This article from the other day pretty much sums up everything I love about my 2003 Element. http://www.core77.com/posts/61976/The-Honda-Elements-Unsung-Interior-Design-Brilliance
It has been the perfect car for dirty/muddy/snowy weekend adventures with the dog, a move across the country (and a few more local moves after that), and day-to-day driving. At 15 years and 200k miles old, though, it's starting to develop some "quirks" that aren't doing any favors to my peace of mind or my wallet. The plan is to drag it over the finish line through the summer, squeezing in as many skiing and camping trips as I can before sending it off to the great used car lot in the sky this fall.
If I was in this position a few years ago I would have simply found a newer, lower mileage Element. But each year they're fewer and farther between, and the newest you can do is a 2011 (which is, in reality, the same basic car as my 2003 with some cosmetic changes.) I'd like to find something I can keep for a decade. A car that's already seven years old probably isn't the best bet. Knowing that a box-on-wheels with a rubber and plastic interior no longer exists, I'm looking for the following:Must-haves- AWD/4WD -
All-wheel is preferred, whether it's full-time or responsive. I feel like I'll end up with a lot of car I don't need with a 4x4, but I often find myself in chain-control areas and really
don't want to screw with them. AWD coupled with a good set of snow-capable tires has been all I've ever needed to get around safely, and legally, in the Element.- Reliability -
Tough to match Honda here, but they don't really have anything in their line I want anymore (for reasons we'll get into in a moment.)- Cargo Space -
Okay, the only real matches are minivan, larger SUV, or Sprinter (I wish.) Enough space for a few pairs of skis/boards, a dog bed, or possibly some slightly cramped car camping will suffice. Bikes and maybe a cargo carrier can go on a roof or hitch rack.Like-to-haves- Ground clearance -
This was my only gripe with the Element's geometry. I'm in the snow and mountains a lot. While it has plenty of clearance for your average fire road or camping trail, there is a good amount of digging involved to get it on the road after 6+ inches of snow falls overnight.- Uniquity -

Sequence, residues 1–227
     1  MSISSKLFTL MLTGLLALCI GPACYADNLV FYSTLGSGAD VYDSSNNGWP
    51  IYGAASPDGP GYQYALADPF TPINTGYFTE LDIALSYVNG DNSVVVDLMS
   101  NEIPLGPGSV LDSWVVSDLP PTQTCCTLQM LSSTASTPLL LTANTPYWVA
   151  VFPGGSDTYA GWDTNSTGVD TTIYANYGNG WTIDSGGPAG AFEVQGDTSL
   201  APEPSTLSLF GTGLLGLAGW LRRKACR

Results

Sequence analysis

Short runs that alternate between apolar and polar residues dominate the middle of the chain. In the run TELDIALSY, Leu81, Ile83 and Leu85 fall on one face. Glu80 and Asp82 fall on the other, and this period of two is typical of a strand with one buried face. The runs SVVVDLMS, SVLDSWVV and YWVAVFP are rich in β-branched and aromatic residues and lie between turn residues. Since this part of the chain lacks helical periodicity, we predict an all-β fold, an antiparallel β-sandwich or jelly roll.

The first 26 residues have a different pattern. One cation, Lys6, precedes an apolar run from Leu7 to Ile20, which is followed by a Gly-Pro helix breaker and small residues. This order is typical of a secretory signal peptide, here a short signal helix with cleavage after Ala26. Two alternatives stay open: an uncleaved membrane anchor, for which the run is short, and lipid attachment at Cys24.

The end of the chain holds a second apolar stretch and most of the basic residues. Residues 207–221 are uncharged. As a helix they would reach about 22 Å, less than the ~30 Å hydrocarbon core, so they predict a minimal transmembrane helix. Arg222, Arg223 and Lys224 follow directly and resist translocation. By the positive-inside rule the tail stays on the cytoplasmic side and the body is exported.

This is where my odd design sensibility and irrational desire to be contrarian begins to show itself. I loved the boxiness of the Element. It was inherently utilitarian and the last of its kind to prioritize inward use over outward sleekness (minus Jeeps, which I can't stand driving.) It was gracefully ugly. It was a mutt. Nearly everything that has come since in the small SUV/crossover category has moved toward an identical aesthetic -- let's round off every corner imaginable before we give it some swoopy lines, interior be damned. Take off the grille and headlights, and they're all the same in my eye. Not to mention everyone
With all that in mind I have been gravitating toward AWD wagons. They seem to be a good balance of cargo-capable and daily-drivable without going full SUV. I also don't mind a modern aesthetic on a wagon the way I do on an SUV, either. Being more car-like, they're better suited to the look. A Subaru Outback is the obvious choice, but it fails mightily on the uniquity scale. Everyone out here that didn't go for the aforementioned ugly crossover opted for the Outback.
After that you move into potentially expensive Euro territory. VW is out because screw them. The Audi Allroad is fun to drive but expensive to maintain and fails on ground clearance. So far, I'm left with the Volvo XC70 (hooray for boxes!) or V60 Cross Country wagons as the front-runners. Any other suggestions, possibly from someone who has experience, good or bad, replacing an Element?